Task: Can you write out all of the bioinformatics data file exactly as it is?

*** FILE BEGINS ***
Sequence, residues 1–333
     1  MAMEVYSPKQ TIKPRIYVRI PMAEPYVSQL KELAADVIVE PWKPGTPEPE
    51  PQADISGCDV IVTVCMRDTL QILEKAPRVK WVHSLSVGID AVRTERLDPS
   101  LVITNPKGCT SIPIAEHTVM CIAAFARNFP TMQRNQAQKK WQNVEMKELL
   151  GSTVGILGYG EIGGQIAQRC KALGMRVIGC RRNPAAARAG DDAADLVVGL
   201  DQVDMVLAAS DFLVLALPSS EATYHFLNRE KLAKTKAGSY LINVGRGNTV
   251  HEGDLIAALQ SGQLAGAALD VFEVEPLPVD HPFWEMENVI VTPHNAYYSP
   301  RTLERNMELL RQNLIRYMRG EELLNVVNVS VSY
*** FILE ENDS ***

Sequence, residues 1–333
     1  MAMEVYSPKQ TIKPRIYVRI PMAEPYVSQL KELAADVIVE PWKPGTPEPE
    51  PQADISGCDV IVTVCMRDTL QILEKAPRVK WVHSLSVGID AVRTERLDPS
   101  LVITNPKGCT SIPIAEHTVM CIAAFARNFP TMQRNQAQKK WQNVEMKELL
   151  GSTVGILGYG EIGGQIAQRC KALGMRVIGC RRNPAAARAG DDAADLVVGL
   201  DQVDMVLAAS DFLVLALPSS EATYHFLNRE KLAKTKAGSY LINVGRGNTV
   251  HEGDLIAALQ SGQLAGAALD VFEVEPLPVD HPFWEMENVI VTPHNAYYSP
   301  RTLERNMELL RQNLIRYMRG EELLNVVNVS VSY